Biodiversity conservation will only work if local people benefit
An interview with Dr. Nina Farwig of BIOTA-East Africa
Rhett A. Butler, mongabay.com
November 19, 2007
To date the researchers have observed a series of consequences resulting from biodiversity loss, including a reduction of agricultural production potential, degradation of vegetation cover and of soil fertility, invasion of exotic species, decline of stabilizing ecosystem functions, an increase of fires, depletion of groundwater levels and increases in new infectious diseases and other health risks.
Dr. Nina Farwig
Dr. Farwig will be exploring the relationship between agriculture and biodiversity by organizing a symposium with the title: "Mobile links: pollination and seed dispersal in peril" at the June 2008 annual meeting for the Association for Tropical Biology and Conservation (ATBC) in Suriname. ATBC is a group of 1500 scientists in over 70 countries.
In a November interview with mongabay.com, Dr. Farwig explained her work and its significance in conservation.
AN INTERVIEW WITH DR. NINA FARWIG
Mongabay: What is your primary area of research?
Farwig: I am an ecologist and my main interests are within biodiversity research. I am particularly interested in the relationship between species richness and ecosystem processes i.e. will the loss of single species be compensated by others or will there be disruptions of ecological processes such as pollination or seed dispersal.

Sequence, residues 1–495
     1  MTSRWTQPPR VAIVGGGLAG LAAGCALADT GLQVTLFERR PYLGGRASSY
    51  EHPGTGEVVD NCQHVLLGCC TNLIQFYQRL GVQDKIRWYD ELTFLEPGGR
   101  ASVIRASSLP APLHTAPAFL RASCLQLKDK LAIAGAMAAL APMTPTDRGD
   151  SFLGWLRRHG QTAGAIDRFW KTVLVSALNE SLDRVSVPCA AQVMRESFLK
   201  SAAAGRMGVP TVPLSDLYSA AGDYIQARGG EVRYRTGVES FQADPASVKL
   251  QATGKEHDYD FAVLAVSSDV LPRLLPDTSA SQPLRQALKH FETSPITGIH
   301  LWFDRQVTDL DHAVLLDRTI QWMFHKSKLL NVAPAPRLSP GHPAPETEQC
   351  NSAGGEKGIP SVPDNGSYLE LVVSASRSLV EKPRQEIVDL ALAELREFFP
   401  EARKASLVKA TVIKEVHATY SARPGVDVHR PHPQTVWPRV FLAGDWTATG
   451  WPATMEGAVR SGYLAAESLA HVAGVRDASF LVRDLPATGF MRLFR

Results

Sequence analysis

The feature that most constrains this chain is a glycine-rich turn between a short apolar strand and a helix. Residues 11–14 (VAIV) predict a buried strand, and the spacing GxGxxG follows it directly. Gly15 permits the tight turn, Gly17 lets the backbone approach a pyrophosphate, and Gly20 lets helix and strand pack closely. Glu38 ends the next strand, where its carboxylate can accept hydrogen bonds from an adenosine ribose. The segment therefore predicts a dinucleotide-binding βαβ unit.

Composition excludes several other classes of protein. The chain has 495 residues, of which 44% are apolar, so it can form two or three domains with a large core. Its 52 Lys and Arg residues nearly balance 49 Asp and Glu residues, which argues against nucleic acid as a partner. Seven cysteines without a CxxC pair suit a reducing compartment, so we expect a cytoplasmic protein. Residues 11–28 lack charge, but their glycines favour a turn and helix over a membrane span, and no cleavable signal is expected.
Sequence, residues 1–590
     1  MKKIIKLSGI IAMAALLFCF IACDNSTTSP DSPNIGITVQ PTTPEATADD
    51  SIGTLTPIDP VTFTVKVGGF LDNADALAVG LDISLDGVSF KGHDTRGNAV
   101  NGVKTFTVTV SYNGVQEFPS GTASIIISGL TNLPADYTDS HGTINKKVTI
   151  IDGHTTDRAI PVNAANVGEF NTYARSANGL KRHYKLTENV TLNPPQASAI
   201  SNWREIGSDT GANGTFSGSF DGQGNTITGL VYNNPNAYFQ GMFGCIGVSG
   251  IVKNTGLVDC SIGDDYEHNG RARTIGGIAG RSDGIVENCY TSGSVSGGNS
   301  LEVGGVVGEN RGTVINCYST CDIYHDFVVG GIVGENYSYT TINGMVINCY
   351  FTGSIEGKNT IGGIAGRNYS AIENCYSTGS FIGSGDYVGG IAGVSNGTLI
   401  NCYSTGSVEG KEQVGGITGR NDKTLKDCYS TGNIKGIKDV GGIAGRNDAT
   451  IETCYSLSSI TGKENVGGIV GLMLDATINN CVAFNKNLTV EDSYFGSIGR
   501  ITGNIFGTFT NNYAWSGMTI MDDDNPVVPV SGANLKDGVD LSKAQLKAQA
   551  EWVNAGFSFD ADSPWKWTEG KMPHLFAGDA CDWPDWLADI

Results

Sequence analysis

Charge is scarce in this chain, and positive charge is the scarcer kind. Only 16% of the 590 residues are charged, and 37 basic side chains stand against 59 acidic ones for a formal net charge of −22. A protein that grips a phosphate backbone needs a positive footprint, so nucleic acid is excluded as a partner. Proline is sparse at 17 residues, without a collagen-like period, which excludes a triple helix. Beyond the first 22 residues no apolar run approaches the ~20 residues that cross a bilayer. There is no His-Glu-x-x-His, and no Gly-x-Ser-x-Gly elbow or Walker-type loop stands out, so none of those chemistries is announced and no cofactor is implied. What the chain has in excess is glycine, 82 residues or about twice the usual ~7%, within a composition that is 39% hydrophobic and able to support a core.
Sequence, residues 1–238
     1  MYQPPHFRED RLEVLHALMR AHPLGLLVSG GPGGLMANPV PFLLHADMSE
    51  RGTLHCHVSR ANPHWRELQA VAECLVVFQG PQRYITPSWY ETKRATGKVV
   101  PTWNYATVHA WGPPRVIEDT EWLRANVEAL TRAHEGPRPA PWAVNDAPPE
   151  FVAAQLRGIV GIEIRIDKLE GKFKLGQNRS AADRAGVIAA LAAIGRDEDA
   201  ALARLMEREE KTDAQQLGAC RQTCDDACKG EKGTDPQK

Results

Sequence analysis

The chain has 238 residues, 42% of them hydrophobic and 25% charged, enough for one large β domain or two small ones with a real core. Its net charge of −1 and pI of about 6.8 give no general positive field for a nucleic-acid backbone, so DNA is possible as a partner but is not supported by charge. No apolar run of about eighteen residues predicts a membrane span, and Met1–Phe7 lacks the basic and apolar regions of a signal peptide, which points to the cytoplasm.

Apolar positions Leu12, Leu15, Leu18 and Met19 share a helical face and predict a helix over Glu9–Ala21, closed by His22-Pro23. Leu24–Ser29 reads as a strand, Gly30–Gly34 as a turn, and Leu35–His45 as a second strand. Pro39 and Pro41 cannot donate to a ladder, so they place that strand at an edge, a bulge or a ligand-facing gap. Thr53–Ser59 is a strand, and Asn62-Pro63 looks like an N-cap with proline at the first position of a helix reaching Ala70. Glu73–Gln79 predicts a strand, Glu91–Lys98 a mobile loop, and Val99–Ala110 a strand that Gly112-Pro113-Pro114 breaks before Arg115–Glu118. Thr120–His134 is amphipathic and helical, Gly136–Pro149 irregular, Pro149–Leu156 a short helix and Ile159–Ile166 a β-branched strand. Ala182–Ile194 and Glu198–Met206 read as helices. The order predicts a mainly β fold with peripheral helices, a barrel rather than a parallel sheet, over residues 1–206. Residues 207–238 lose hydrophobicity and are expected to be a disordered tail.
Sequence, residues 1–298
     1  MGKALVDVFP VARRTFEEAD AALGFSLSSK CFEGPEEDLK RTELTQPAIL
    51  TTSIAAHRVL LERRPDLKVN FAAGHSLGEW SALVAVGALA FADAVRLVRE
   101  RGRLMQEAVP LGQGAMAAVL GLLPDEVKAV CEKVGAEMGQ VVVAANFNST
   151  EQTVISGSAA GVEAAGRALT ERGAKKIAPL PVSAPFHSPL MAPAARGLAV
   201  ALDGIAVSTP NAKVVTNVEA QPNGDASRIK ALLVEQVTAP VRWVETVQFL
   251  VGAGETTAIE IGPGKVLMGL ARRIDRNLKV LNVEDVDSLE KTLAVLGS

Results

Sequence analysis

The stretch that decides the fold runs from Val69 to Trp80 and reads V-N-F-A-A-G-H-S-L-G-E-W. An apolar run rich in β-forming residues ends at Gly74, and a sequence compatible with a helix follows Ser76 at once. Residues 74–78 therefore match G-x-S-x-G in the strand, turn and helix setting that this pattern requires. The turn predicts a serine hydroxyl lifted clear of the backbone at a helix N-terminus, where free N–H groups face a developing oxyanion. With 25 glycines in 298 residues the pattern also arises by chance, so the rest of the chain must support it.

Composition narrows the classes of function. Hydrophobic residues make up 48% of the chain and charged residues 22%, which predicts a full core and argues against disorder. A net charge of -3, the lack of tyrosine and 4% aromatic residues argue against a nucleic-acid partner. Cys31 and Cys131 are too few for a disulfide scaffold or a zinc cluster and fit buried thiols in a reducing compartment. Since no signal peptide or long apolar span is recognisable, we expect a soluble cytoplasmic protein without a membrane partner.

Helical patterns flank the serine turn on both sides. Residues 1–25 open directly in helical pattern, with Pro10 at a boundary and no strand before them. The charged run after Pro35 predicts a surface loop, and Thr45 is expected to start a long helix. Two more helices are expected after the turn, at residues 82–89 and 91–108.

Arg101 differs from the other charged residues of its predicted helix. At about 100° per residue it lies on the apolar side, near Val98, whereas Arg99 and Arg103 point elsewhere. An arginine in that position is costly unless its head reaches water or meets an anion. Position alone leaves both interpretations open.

Mongabay: How did you become interested in biodiversity research?
Children observing research activities of Dr. Farwig
Mongabay: How can plantations and agricultural landscapes contribute to biodiversity conservation?
Farwig: Preliminary data of different types of forest plantations show as expected a clear difference in tree community but unexpectedly no difference in the overall diversity of birds. However, the community composition in plantations is highly dominated by forest visitor species. Seedling species richness in plantations was quite diverse suggesting that plantations and secondary forests could play a major role for natural forest regeneration.
Regarding the potential of agricultural landscapes to contribute to conservation of biodiversity, our data suggest that habitat heterogeneity in the cultivated land is of major significance for conservation of biodiversity. For instance remnant indigenous but also exotic fruiting trees attract many frugivorous birds and thus represent foci of seed rain and seedling establishment which might improve natural forest regeneration in the agricultural matrix.
Cultivated lands near the fragment Kisere Forest in Western Kenya
Mongabay: What are the biggest threats to the forests of East Africa?
Farwig: The fast population growth is the biggest threat to the remaining rainforests in East Africa as this leads to increasing demand for wood. Therefore, the aim of the interdisciplinary research project BIOTA Africa (www.biota-africa.org) is to develop management recommendations for sustainable use of tropical forests by considering not only ecological but also socio-economic aspects.
Mongabay: What's the best way to conserve biodiversity?
Sunrise over Kakamega forest in Western Kenya
Mongabay: What can the general public do to help?
Farwig: Creating awareness for biodiversity and all its functions for ecosystems and human well-being.
Mongabay: What's the best way to motivate young students to become interested in conservation science?
Farwig: Participating in a research project dealing with conservation science is a very good way to motivate young students.